And so on and so on: seven non-synthesized quotes, conjectures and questions prompted by Sarah Pierce’s ‘Towards a Newer Laocoön’.
“Whenever this account appears to be in a fluid state in which differences in and adjustments to level play a part, we ask the reader’s indulgence, since there will always be stoppages, blockages, siltings, unsuccessful attempts at conduction, and sources ‘that can never come together’, not to mention subterranean streams, and so on, and so on.”
A trio of associatively segue-ing terms often seems suited to Sarah Pierce’s art — or at least to recurrent streams within it. Appropriation, approximation and proximity. Pierce’s multivalent practice has for several years been conceived and executed under the label of ‘The Metropolitan Complex’ — so identifying an orientation towards situations of intricate connectivity, as well highlighting a first-principles condition of unavoidable anxiety (implied in the Freudian connotations of ‘complex’). Critical to the constitution of this ‘complex’ have been idiosyncratic articulations of archival research: Pierce draws from diverse institutional and informal sources in a manner that cites — and sites — disparate bits and pieces of the past in unorthodox configurations. There are, therefore, occasional acts of studious, estranging appropriation. Pierce seizes artefacts and images from within the strict order of archival filing systems — or liberates them from other current settings that define or limit their meanings — singling them out for renewed consideration within an alternative framework of interpretation. But such archival excerpts — and the tellingly ‘minor’ or neglected stories they can at times evoke — also serve as inspiration for singular re-stagings of historical situations. These are variously created approximations of past examples of artistic display or political dissent — glimpses of former efforts to forge elements of progressive culture, generally sought from within the histories of radical movements from the 1960s and 1970s — that have been ‘re-made’ in either sculptural or live form. In all cases, a spirit of playful, performative openness applies. A sense of agitated provisionality is returned to quoted images, objects and actions that we might at first imagine as representing fully concluded passages of history. Such provisionality is in part prompted by an emphasis on unlikely proximity — for Pierce typically places each selected or re-worked source into forced correspondence with traces of other, ostensibly unrelated narratives. Re-situated in space and time, the meaning and lasting import of these historical remnants is made more anxiously uncertain. Heterogeneous records and artfully imperfect re-creations of the radical past are brought together into new and often disconcerting arrangements in Pierce’s practice — so potentially radicalizing our own relation to these unsettled fragments in the present.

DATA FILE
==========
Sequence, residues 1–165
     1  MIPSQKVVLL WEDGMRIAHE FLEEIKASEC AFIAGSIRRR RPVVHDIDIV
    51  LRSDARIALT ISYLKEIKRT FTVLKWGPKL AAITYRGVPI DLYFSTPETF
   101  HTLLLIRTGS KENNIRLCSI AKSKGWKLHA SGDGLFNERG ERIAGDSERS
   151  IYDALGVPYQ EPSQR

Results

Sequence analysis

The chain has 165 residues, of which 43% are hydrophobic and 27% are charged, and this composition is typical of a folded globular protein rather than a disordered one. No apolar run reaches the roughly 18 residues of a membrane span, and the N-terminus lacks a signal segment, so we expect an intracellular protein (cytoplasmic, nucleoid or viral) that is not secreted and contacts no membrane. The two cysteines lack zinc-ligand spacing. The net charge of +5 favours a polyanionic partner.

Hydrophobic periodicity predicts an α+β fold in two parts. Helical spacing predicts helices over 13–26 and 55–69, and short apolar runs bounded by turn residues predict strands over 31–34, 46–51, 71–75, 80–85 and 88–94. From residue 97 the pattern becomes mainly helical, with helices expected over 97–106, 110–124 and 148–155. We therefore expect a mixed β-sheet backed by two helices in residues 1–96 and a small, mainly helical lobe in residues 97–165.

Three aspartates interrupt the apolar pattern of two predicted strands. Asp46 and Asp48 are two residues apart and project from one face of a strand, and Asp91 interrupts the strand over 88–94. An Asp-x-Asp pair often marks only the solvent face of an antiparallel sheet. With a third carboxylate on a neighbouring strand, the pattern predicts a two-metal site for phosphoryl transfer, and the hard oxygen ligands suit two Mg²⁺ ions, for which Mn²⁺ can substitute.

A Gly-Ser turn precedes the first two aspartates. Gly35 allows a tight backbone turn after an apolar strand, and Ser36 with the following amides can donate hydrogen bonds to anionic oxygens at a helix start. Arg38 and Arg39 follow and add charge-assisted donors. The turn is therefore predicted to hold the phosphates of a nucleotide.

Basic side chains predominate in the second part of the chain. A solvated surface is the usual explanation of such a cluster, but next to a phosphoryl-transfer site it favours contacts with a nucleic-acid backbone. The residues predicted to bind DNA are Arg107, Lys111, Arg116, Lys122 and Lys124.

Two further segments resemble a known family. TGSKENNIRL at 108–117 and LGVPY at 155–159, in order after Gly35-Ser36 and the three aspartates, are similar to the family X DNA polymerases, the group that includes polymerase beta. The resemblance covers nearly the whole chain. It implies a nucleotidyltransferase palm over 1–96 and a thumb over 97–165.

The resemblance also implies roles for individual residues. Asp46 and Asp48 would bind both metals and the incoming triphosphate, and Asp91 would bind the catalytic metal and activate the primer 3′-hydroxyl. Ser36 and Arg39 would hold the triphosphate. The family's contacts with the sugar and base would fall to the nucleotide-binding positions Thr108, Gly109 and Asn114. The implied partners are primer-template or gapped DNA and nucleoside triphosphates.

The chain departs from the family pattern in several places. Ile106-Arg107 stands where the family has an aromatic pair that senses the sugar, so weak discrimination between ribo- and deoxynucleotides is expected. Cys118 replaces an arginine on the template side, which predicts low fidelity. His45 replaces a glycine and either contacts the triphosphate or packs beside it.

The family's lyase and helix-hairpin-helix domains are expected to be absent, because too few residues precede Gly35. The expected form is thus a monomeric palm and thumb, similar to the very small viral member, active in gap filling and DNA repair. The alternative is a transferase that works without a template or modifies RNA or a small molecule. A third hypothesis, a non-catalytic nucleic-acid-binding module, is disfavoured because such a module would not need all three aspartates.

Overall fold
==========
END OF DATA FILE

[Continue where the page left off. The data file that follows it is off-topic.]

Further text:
“It must be kept in mind that, for the collector, the world is present, and indeed ordered, in each of his objects. Ordered, however, according to a surprising and, for the profane understanding, incomprehensible connection.” 
The Meaning of Greatness, Pierce’s 2006 installation at Project Arts Centre in Dublin, featured, within its matrix of interconnecting contents, the following: (i) a re-constructed version of Eva Hesse’s Untitled (Rope Piece) from 1970, handmade by Pierce based on a description of the work in an ‘extended caption’ written by pioneering feminist art historian Lucy Lippard; (ii) archive photographs showing audiences at Belgrade’s Student Cultural Centre (SKC) in 1972, a space in which young artists from Yugoslavia sought to discuss emergent forms of art practice; (iii) documents relating to the ‘Kent State Massacre’: the horrific events of May 4 1970, when four unarmed students where shot dead by the US National Guard at Kent State University, Ohio. Bring together these loose threads of The Meaning of Greatness and what ‘meaning’ do we discover? What clue to artistic ‘greatness’ is uncovered? And what form of knowledge emerges from an attempt to link these lines of enquiry? It is helpful to know that one of Pierce’s college lecturers had been present on the day of the Kent State shootings; and it is important to note that Pierce’s research into the Belgrade artistic avant-garde of the 1970s involved visiting, and exhibiting in, former SKC spaces. She herself is part of the ‘complex’; she is intricately entangled in the coiling narratives. But as the careful re-weaving of Hesse’s ever-provisional ‘rope piece’ might suggest (Hesse continued to amend the work right up until her death), this seemingly uncertain predicament may alert us to a potentially positive way of thinking about history — and about the history of art. As Pierce has written: “Instead of a canon, imagine a more affectionate past. Formative, unfinished, not yet art, not in the realm of the documentable.”